- Upper extremity disease is the narrowing or blockage of arteries that supply oxygen-rich blood to the shoulder, arms and hands.
- The primary cause of upper extremity disease is atherosclerosis, which is the buildup of cholesterol and fat (plaque) on the artery walls.
- Common first symptoms of upper extremity disease include arm weakness during exercise, pain in the fingers, or hypersensitivity to cold.
- Upper extremity disease is a type of peripheral arterial disease, which is blockage of the arteries that carry blood from the heart to the limbs, head and organs.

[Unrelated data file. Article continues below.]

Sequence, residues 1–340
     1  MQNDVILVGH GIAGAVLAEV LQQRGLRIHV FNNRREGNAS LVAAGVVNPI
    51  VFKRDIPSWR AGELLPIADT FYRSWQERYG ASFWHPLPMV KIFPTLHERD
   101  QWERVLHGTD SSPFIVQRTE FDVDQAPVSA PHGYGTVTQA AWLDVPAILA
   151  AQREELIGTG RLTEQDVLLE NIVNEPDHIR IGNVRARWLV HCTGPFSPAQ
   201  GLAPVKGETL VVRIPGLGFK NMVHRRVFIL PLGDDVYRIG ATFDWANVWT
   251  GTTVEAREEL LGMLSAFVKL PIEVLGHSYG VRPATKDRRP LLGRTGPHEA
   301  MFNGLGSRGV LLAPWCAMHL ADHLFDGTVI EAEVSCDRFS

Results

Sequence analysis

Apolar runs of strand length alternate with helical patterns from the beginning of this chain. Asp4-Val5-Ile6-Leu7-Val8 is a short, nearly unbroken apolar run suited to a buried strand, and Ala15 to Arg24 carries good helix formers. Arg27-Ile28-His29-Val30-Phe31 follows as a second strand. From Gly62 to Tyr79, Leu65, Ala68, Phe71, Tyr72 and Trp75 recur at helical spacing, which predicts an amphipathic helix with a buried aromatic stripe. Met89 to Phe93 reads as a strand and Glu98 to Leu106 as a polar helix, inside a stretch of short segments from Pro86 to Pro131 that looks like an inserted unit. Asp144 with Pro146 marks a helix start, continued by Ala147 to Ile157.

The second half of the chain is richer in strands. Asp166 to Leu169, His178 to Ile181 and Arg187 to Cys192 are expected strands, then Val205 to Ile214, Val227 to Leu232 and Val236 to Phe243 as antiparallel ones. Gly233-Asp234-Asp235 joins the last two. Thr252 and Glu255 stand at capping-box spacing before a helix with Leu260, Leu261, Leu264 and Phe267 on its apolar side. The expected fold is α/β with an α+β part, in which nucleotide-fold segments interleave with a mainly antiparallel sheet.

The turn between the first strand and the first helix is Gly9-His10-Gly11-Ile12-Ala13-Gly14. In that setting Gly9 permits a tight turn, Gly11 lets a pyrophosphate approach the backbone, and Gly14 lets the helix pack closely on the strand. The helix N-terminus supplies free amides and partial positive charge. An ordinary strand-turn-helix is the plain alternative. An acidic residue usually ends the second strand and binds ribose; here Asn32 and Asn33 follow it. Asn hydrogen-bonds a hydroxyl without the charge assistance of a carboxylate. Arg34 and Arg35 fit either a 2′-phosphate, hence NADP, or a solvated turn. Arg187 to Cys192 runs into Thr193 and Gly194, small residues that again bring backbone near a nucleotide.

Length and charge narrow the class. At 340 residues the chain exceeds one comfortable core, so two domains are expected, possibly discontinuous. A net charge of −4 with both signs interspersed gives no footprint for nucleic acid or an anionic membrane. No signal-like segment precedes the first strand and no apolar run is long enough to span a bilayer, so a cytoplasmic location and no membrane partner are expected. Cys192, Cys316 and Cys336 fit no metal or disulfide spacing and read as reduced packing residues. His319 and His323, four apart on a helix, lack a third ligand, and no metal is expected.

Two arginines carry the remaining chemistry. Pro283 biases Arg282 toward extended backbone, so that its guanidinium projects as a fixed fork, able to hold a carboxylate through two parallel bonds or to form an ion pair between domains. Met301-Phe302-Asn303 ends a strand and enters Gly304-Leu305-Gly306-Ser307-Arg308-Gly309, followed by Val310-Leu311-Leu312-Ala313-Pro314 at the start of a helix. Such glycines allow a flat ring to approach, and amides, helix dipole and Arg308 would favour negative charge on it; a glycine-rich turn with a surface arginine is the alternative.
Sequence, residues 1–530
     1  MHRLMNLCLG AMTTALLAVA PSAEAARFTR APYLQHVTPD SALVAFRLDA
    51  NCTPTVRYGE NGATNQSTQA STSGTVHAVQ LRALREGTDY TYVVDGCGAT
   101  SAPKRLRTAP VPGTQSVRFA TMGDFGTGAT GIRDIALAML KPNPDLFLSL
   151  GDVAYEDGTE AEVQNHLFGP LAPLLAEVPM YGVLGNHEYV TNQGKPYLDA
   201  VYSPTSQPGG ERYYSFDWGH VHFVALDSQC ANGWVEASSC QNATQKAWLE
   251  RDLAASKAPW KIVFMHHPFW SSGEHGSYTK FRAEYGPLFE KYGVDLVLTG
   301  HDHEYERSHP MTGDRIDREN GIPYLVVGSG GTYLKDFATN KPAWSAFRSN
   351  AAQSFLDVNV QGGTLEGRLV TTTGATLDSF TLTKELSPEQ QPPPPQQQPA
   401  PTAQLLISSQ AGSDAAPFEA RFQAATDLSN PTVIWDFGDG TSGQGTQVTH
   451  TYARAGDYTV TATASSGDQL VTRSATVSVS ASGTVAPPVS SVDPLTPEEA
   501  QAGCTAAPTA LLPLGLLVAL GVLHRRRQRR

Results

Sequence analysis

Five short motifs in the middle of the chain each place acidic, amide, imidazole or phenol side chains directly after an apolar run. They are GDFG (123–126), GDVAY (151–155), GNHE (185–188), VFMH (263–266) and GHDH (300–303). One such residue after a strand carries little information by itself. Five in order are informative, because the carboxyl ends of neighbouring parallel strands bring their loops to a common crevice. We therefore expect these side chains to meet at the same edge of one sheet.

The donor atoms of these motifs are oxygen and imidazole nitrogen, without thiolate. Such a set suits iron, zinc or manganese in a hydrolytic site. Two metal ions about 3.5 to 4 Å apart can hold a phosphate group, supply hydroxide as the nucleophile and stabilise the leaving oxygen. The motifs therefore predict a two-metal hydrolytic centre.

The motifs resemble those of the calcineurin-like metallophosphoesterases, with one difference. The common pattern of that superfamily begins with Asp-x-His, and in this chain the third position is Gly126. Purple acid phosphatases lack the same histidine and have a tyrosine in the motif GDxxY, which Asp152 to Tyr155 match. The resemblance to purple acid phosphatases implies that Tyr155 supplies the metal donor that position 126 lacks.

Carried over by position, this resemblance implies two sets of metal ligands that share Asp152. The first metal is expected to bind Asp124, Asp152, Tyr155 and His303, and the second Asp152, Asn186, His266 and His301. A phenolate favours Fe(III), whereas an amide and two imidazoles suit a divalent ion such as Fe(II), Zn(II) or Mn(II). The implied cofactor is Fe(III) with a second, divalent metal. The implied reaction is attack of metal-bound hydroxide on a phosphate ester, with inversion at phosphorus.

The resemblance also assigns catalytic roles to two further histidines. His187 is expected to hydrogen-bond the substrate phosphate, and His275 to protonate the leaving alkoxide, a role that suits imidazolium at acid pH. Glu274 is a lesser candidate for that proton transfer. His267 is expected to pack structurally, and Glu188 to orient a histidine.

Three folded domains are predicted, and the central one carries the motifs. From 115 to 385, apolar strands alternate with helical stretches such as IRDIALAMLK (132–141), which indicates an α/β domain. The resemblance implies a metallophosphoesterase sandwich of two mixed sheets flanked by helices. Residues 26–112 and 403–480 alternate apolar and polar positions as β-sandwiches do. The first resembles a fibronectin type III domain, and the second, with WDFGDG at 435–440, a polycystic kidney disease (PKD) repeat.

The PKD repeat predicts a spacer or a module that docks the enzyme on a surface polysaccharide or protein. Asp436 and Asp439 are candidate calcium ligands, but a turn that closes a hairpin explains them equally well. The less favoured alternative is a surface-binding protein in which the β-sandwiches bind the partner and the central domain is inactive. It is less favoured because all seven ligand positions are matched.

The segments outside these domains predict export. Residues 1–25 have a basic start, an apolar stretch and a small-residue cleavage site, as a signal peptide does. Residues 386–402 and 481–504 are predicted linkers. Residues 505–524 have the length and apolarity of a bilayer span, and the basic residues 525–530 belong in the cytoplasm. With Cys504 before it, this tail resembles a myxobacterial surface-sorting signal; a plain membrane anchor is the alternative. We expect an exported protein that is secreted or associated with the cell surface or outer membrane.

In upper extremity disease, an artery between the chest and the hand becomes partially or completely blocked. While upper extremity disease can be acute, meaning that it comes on quickly, it is usually chronic, meaning it progresses slowly over a long period of time.
One early symptom is pain when moving the arms. As the disease progresses, pain can occur in the arms at rest. In advanced stages, the disease may cause skin ulcers and cell death from lack of oxygen and nutrients.